Nose Issues – Septoplasty – Broken Nose – Dorsal – Tip Surgery
- Sinus Issues
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spreader graft placement
The area in red represents the septum. When the septum is crooked or deviated, it must be straightened to permit functional breathing. This also represents the area of cartilage and bone that is the internal portion of the nose, which can be used for dorsal augmentation to build up the bridge or sidewalls of the nose used in structural cartilage grafting for a rhinoplasty.
Underneath the skin envelope of the nose, the upper portion of the nose consists of two paired nasal bones which form the solid bridge of the nose attached to the forehead. Below that are triangular cartilages called the upper lateral cartilages that attach to the nasal bones. Below that is the more flexible portion of the nose made up of the lower lateral tip cartilages which composes the shape and structure of the nasal tip. The nasal septum is composed of both septal cartilage in the front of the nose, and the top and bottom portions of the septum are composed of ethmoid bone and vomer bone.
Dorsal Surgery – Reduction
The area shaded in red shows the area of the bridge where a bump would be present. It is removed to further refine the dorsal aesthetic line or also known as a hump reduction in the nose.
Dorsal Surgery – Augmentation Dorsal Onlay Septal Cartilage
The green area represents an area of cartilage augmentation to build up the bridge when the bridge itself is too low or been previously resected or is ski-sloped and needs to be built back up. Typically the cartilage is harvested from the internal portion of the nasal septum or ear cartilage is also used. Occasionally patients require a synthetic implant to achieve the desired results.
Dorsal Surgery – Augmentation Radix Graft Crushed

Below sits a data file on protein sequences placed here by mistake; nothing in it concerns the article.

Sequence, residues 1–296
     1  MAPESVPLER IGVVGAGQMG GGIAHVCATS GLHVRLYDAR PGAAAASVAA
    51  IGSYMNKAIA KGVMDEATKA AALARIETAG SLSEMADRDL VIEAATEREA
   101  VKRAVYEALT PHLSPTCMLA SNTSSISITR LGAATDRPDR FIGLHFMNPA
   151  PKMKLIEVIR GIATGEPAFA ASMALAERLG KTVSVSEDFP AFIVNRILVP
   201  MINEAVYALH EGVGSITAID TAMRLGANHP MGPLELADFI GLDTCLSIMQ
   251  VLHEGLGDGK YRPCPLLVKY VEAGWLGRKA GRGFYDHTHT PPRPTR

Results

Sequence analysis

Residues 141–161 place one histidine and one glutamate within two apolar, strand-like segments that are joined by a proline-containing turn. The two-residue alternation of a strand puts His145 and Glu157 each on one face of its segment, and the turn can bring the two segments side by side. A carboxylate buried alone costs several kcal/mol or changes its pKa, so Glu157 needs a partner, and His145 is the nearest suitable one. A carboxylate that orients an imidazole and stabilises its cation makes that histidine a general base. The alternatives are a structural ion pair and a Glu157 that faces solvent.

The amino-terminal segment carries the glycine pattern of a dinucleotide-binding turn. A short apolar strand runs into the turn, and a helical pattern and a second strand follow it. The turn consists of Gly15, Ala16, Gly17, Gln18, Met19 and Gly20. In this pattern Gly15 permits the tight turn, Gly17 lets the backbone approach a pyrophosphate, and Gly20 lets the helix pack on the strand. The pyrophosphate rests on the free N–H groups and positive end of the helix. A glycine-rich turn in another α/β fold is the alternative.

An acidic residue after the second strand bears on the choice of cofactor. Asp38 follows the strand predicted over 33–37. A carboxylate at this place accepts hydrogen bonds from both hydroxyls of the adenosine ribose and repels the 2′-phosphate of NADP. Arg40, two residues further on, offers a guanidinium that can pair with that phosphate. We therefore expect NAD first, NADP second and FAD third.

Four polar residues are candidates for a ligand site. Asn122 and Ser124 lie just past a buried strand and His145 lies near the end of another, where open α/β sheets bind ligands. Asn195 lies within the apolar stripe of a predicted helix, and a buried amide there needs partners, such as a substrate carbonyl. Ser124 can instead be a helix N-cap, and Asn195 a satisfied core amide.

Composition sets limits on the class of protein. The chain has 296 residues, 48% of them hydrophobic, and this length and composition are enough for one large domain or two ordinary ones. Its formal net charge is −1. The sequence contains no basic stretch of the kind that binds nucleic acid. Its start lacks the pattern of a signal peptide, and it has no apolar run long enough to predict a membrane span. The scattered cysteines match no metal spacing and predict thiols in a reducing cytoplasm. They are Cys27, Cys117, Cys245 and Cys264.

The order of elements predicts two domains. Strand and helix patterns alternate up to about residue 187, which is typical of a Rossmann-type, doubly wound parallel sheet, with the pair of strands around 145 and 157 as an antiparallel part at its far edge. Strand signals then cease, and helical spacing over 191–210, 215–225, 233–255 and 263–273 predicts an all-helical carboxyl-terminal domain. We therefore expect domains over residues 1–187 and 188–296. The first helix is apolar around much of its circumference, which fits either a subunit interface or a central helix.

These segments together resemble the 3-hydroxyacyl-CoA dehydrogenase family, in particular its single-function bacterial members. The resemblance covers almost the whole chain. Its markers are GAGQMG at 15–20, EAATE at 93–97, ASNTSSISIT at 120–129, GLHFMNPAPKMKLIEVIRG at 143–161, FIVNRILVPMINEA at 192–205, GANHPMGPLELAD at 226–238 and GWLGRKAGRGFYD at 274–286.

The area in green represents a small cartilage graft that is placed at the top portion of the nasal dorsum called the radix. When the bridge of the nose has an area of depression, a graft is used to build up and lengthen the nasal bridge. Additionally this procedure augments the shallow takeoff root of the nose from the forehead.
Dorsal Surgery: Augmentation Lateral Nasal Wall Grafts Crushed
The green areas represent cartilage grafts that are placed over the nasal bone or upper lateral cartilage area to bolster the strength and augment the sidewalls of the nose during a rhinoplasty.
Tip Surgery – Claudal Septum Resection Slanted
The area in red shows the resection of cartilage that is done where there is a deviated septum and where the portion of the base of the nose is warped and blocking the airway. It is also done to trim off excess columellar show when the columella is hanging down too far below the nostril rim. This can be both cartilage and skin, it can be trimmed, and is frequently done during a rhinoplasty procedure.
Tip Surgery – Columellar Strut Floating With Sutures
On occasion when there is loss of tip projection or support in the tip, a cartilaginous columellar strut is fashioned from septal cartilage and positioned underneath the tip to give more projection and strength to the nasal tip.
Tip Surgery – Lateral Crural Cephalic Removal
The area in red shows the most common area of cartilage that is trimmed and removed to feminize, refine, and reshape a bulbous tip. This is a very common procedure during the tip component surgery of a rhinoplasty.
Tip Surgery: Tip Sutures Lateral Crural Spanning
The area in black across the nasal tip shows the area of the lower lateral tip cartilages that are sewn together to reduce a bulbous nose or a wide tip. These are sutures that are placed to refine and feminize a wide, flaring, boxy tip. Cephalic trim of the lower lateral cartilages can also be performed at the same time.
Tip Surgery: Tip Grafts Champagne Graft
The area in green shows small cartilage grafts placed in the tip to create further tip projection. This also helps with tip defining points and is sometimes used to give a better appearance to the tip.